In H P Lovecraft's Dreamland tales (such as his epic "The Dream-Quest of Unknown Kadath") you can find the zoogs in the enchanted wood, just past the Gate of Deeper Slumber. They're small, furry and nimble creatures possessing both intelligence and slyness. They make a wine from the fermented sap of the moon-tree which is very potent, and sought after. They are at war with the cats. I thought they'd make a great representative for the letter "z".
Some years ago I made a bunch of sketches for various Dreamland creatures, and I chose one of those as a start for my zoog puppet.
As usual, I started out with sculpting the head. This time, however, I abandoned my old, tried and true Chavant clay in favour of testing the highly recommended "monster clay" from Monster Makers Inc. And yes; I am in love. This material is the perfect sculpting substance, having the best qualities of both clay and wax. I'll be using this stuff for most of my following projects.
After making a plaster mould for the face I cast the head piece in skin-tinted latex. Friendly Plastic thermoplastic was added to the inside to create a subskull.
The eyes were made out of transparent half-spheres, probably to be used in scrapbooking, but also ideal for making big, watery eyes. I glued the domes down over printed photoshopped eyes using a flexible super glue.
Although you will mostly see the snaking feelers over the mouth, I wanted to make a functioning mouth too. This was simply done by attaching an aluminum wire to the subskull, wrapping it in soft string and covering it with tinted latex. The teeth are just small bits of cotton mixed with latex and rolled between my fingers.
My usual Friendly Plastic / aluminum wire armature holds together the parts of the zoog, including the wire-wrapped hands, feet and tail.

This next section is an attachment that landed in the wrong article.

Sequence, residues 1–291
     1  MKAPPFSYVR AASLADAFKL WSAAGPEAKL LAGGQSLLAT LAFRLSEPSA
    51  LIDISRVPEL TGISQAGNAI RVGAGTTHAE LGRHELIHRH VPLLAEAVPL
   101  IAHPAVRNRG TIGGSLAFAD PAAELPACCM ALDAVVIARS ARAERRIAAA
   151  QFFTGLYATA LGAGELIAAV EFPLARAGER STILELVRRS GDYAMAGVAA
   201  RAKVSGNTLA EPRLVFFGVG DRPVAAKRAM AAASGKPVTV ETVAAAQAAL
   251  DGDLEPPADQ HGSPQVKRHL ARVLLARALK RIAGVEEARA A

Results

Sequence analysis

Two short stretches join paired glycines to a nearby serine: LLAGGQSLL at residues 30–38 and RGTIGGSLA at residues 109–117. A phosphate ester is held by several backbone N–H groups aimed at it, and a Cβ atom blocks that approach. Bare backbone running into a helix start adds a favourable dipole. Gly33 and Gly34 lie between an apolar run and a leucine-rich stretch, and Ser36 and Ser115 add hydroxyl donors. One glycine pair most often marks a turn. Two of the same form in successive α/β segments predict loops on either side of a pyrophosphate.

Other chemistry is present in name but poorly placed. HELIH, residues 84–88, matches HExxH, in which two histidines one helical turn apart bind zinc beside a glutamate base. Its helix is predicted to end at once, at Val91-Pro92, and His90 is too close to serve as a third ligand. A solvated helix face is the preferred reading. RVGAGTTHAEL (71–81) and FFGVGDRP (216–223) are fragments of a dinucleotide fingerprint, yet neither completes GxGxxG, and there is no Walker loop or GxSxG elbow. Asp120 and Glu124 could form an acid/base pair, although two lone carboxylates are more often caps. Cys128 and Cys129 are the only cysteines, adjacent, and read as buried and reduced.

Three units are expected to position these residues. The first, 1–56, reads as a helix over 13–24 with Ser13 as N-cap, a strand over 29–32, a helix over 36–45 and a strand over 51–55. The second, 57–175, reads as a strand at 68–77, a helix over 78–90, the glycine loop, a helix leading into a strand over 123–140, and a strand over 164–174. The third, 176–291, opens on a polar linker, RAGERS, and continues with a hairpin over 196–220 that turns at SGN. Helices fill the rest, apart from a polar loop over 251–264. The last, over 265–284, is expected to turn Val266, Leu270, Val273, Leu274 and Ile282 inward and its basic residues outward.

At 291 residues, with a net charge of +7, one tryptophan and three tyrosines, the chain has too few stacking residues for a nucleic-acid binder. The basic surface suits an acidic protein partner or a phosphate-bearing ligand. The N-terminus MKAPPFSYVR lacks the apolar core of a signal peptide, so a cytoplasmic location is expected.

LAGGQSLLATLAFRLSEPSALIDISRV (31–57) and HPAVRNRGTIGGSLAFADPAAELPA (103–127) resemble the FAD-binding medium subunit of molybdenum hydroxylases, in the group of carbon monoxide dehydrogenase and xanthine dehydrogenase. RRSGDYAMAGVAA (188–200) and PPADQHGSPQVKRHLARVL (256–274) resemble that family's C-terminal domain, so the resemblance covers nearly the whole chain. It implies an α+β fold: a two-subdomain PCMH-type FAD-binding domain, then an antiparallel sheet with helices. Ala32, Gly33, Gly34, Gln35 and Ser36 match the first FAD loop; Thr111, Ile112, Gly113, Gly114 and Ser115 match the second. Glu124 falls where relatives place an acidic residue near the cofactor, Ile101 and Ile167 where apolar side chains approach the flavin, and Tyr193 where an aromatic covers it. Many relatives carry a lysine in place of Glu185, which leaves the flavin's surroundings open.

To cover the body up I chose an old fur hat, which I bought at a flea market some years ago. This is real fur, which I prefer not to use, but it's hard finding good fake fur around where I live. Whatever poor animal was used I hope it's better to donate its fur to creating a new "living" creature, than being stuck on the head of some old lady.
The fur-attaching process is pretty straight forward. I just eyeball the measurements for each body part, cut the fur with a scalpel, and stick it on using flexible contact cement, adjusting the fur pieces as necessary. Where it's needed I stick on individual loose chunks of hair using latex as glue.
Here's the finished critter, waiting for his first star turn.
Jonas Wahlström, zoologist and manager for the Swedish Skansen tropical aquarium, once posed with a tiny marmoset hugging his thumb. The image eventually ended up on the cover of Guinness Book of World Records, and is said to be the most famous thumb in the world. Here's my version of that photo. The zoog's a bit bigger, though.
It is said that the zoogs are fierce creature you should never trust, but this little fellow seems very sweet and.. HOLY CRAP!!!!